Review: Olly Day and the Jonathan Wyatt Big Band, Cromer Pier

Olly Day with the Jonathan Wyatt Big band

Olly Day with the Jonathan Wyatt Big band - Credit: Archant

Olly Day and the Jonathan Wyatt Big Band

Cromer Pier

Something strange happens when the big band sounds of Glenn Miller and Harry James roll up their trouser legs and head to Cromer Pier for an annual outing led by one of the region's most popular all-round entertainers.

For the classic sounds of the 1940s and Rat Pack singers get a generous dollop of seaside sauce poured over them.

Well actually in between them - because Olly Day is a serious, and seriously good, singer who does justice to, and shows respect for, the powerful songs of Sinatra and Bublé, with his own rich voice and stage presence.

But during the links he had a sell-out audience in fits with his cheeky seaside postcard humour, and witty repartee with people singled out in the front rows for the fashion or coughing.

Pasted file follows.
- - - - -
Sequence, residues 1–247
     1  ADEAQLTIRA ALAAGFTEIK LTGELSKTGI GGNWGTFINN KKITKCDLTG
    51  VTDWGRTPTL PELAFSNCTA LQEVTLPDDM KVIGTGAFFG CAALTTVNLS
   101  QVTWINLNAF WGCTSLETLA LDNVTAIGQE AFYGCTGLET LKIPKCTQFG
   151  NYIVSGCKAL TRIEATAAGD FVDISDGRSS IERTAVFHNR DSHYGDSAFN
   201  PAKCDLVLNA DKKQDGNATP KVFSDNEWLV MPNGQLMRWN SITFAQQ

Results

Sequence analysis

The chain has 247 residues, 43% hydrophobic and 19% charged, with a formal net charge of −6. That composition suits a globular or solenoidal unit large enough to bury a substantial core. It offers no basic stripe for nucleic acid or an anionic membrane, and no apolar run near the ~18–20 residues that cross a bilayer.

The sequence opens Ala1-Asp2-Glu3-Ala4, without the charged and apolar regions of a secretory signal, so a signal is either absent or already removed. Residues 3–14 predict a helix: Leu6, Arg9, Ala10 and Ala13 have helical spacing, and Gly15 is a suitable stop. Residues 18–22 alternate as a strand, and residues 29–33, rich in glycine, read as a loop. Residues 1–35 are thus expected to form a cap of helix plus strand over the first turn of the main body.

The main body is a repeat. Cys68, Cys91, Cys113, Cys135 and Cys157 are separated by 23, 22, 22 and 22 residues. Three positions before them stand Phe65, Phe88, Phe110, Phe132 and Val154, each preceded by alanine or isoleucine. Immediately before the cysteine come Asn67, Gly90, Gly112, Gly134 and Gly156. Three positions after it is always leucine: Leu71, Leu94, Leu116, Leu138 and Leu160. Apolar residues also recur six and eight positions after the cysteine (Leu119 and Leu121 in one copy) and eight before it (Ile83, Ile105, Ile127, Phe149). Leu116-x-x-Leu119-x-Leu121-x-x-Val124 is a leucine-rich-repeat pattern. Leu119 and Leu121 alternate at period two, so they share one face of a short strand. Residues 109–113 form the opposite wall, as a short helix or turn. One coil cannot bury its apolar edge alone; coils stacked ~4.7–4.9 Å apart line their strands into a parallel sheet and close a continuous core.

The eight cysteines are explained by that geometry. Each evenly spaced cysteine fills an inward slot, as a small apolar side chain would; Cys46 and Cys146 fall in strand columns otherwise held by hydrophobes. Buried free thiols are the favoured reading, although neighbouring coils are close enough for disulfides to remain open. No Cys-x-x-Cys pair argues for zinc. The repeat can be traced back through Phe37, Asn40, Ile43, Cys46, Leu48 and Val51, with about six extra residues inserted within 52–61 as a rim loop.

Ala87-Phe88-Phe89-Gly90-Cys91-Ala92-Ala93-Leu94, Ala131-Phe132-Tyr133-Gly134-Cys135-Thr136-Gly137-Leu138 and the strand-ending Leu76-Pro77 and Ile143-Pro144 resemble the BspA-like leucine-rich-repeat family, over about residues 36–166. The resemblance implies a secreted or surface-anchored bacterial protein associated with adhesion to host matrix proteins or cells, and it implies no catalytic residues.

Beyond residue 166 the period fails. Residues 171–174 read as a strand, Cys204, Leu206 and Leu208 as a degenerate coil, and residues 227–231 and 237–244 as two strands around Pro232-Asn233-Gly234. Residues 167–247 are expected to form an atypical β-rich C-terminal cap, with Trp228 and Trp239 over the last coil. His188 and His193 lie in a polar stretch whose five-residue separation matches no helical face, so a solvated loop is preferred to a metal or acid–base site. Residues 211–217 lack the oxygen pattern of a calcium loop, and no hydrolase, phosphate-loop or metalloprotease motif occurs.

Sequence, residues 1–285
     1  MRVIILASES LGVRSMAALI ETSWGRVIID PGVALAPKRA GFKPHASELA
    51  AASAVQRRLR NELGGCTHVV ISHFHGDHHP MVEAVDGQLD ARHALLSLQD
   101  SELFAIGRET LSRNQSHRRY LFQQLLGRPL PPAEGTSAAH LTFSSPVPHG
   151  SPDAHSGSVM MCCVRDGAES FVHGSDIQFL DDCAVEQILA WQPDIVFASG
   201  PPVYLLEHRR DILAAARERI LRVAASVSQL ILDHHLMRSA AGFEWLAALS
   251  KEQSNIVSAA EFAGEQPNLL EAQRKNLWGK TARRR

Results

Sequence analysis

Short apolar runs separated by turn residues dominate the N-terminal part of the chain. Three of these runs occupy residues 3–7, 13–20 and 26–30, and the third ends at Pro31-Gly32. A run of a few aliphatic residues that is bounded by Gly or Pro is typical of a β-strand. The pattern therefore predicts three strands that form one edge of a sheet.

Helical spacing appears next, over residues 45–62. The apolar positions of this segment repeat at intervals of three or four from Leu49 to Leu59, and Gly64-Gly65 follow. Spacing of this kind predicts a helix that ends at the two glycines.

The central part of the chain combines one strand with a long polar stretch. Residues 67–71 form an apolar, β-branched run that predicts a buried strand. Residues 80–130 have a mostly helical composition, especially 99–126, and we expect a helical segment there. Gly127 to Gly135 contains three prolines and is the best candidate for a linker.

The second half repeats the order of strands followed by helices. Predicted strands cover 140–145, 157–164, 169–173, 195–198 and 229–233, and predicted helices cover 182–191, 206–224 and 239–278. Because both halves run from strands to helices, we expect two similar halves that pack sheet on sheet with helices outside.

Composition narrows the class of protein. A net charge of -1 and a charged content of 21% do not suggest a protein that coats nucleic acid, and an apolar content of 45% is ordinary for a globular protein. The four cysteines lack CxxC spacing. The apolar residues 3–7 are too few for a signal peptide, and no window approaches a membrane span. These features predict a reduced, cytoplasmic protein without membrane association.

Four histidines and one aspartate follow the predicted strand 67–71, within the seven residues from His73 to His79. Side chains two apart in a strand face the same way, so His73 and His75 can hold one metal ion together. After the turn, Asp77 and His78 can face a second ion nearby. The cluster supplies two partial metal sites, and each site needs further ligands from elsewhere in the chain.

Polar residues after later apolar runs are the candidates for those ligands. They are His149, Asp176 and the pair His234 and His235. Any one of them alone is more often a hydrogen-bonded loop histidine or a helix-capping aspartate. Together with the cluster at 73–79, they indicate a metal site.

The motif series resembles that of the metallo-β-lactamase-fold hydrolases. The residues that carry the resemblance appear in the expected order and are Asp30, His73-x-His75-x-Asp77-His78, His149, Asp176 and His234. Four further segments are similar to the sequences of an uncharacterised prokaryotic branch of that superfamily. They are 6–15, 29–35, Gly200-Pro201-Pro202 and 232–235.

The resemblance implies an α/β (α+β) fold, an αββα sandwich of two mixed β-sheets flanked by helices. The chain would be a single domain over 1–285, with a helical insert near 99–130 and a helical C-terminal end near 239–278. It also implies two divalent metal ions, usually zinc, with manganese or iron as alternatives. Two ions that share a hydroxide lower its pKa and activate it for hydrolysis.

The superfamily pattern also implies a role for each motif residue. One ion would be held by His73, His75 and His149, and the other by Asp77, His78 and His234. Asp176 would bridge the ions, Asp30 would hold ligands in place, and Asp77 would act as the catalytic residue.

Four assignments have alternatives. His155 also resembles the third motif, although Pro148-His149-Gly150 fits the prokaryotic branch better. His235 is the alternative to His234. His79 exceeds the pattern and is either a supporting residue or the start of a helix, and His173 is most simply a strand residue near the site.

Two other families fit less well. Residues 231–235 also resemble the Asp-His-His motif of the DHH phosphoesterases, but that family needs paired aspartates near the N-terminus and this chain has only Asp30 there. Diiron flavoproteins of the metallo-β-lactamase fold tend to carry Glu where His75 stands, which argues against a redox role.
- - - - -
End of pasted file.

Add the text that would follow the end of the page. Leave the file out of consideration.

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The slick 16-piece band is the backbone to the show, ranging from horn-blaring full-on numbers such as Sing, Sing, Sing, to the mellower Moonlight Serenade of Miller.

And the Moonglow Sisters' three part harmonies add variety with renditions of songs by their 'cousins' the Andrews and Puppini Sisters.

But Olly is the cheery cherry on the cake as the front man. He puts a rural Norfolk flavour into music more associated with American cities. An odd mixture but one that works as the full house testified.

I am off to see Robbie Williams doing his swing concert later this year. He will sing well, but I bet his jokes about balding Chihuahuas aren't so funny.

Richard Batson

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